New Hampshire Teacher Is Fired For Helping Student Terminate Pregnancy

A New Hampshire public school teacher was terminated for allegedly driving a student to an abortion clinic while on sick leave. According to a report by the New Hampshire Department of Education, the instructor called in sick due to food poisoning.

The instructor later informed the school that they were not ill and “went with a student to a medical appointment,” according to the report, which redacts the identities of those involved.

The identity of those involved is unknown, but the investigation stated that the teacher and student had been discussing the medical appointment for 2.5 weeks.

The teacher allegedly assisted the student in determining “how far along they were.” The report mentioned that the teacher sought the student “a safe facility” and volunteered to accompany them. The school terminated the teacher but did not specify the nature of the student’s procedure. However, state lawmakers confirmed that it was an abortion.

Republican state representative Erica Layon told the newspaper, “I am horrified to hear that a teacher in our New Hampshire schools felt the right way to help a pregnant student who felt unsupported in her pregnancy was to research abortion facilities and call out sick to take a student to an abortion rather than to help her speak with her parents and find support from her family.”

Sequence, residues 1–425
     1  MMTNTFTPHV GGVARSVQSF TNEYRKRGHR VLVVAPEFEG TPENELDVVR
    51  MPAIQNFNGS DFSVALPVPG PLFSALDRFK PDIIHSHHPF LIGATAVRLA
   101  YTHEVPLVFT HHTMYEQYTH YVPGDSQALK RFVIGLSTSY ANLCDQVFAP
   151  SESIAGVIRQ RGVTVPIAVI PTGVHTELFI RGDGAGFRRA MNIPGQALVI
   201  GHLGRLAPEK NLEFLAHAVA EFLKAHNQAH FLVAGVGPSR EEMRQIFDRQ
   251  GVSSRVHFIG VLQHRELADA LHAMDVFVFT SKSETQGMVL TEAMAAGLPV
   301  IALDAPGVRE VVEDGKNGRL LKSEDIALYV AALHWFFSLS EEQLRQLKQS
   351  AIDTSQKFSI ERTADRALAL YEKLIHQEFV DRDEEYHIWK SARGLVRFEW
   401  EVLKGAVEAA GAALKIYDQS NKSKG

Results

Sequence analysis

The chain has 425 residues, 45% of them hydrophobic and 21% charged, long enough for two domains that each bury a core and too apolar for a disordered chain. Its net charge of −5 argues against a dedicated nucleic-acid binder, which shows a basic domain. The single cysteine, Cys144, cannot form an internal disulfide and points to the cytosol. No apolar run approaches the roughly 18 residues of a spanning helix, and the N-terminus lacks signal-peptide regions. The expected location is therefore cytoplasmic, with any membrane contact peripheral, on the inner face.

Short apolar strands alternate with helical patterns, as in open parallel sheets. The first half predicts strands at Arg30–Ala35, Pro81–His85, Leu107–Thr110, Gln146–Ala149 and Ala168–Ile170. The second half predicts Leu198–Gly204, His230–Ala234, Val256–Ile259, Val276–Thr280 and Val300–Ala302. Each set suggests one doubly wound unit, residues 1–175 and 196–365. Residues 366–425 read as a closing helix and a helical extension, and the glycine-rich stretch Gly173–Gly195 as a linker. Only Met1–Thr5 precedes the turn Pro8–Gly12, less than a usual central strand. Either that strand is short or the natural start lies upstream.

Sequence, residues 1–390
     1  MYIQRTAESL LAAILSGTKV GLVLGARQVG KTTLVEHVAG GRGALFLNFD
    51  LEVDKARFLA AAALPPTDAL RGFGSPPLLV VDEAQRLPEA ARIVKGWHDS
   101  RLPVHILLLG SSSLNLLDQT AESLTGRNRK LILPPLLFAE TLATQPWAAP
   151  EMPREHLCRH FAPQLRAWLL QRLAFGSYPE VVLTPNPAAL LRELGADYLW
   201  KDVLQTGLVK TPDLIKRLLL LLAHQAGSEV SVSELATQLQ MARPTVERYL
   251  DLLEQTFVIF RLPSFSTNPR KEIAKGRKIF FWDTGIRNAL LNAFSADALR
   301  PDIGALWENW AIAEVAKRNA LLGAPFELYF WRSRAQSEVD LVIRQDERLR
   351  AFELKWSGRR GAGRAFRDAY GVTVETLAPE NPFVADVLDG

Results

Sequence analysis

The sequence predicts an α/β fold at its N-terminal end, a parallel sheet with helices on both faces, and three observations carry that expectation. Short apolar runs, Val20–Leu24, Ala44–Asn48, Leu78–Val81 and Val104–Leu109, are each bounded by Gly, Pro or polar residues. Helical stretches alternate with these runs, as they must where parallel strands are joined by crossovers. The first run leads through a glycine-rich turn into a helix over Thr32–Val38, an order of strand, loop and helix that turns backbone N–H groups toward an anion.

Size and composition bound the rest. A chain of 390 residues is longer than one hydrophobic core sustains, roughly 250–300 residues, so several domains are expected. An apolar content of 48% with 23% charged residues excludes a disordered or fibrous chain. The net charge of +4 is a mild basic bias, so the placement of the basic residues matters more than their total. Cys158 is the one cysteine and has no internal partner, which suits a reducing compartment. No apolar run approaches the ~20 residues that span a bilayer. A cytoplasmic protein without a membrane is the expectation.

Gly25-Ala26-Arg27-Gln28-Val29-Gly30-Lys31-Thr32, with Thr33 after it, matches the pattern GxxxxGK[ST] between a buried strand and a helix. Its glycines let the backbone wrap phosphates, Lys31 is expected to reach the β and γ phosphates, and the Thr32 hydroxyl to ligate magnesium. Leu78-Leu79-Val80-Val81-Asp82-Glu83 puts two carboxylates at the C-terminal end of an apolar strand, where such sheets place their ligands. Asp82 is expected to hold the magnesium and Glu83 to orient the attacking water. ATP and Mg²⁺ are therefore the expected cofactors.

On Monday, supporters denounced the teacher’s termination during a demonstration in New Hampshire honoring the anniversary of the Dobbs decision, which repealed Roe V. Wade abortion rules.

During a packed reproductive rights meeting in Concord, numerous attendees supported the instructor, claiming she was put in a difficult situation. Maryrose Wainaina, a protester, stated, “I believe the teacher was simply doing what they felt, as a human, and putting their job at jeopardy. As a student, you approach your teachers because you trust them.”

Counter-protesters also spoke out during a pro-choice event in Concord.

Margaret Svedsen stated, “The teacher should not be involved in transporting the children to the clinics. Medical procedures? You can’t give an aspirin to a child at school, but you can take them to get an abortion, which may have complications, without informing their parents? No.”

According to the Boston Globe, the instructor has filed a lawsuit against the Department of Education and state officials for creating a “misleading narrative” about the incident, despite knowing the youngster was not a minor.

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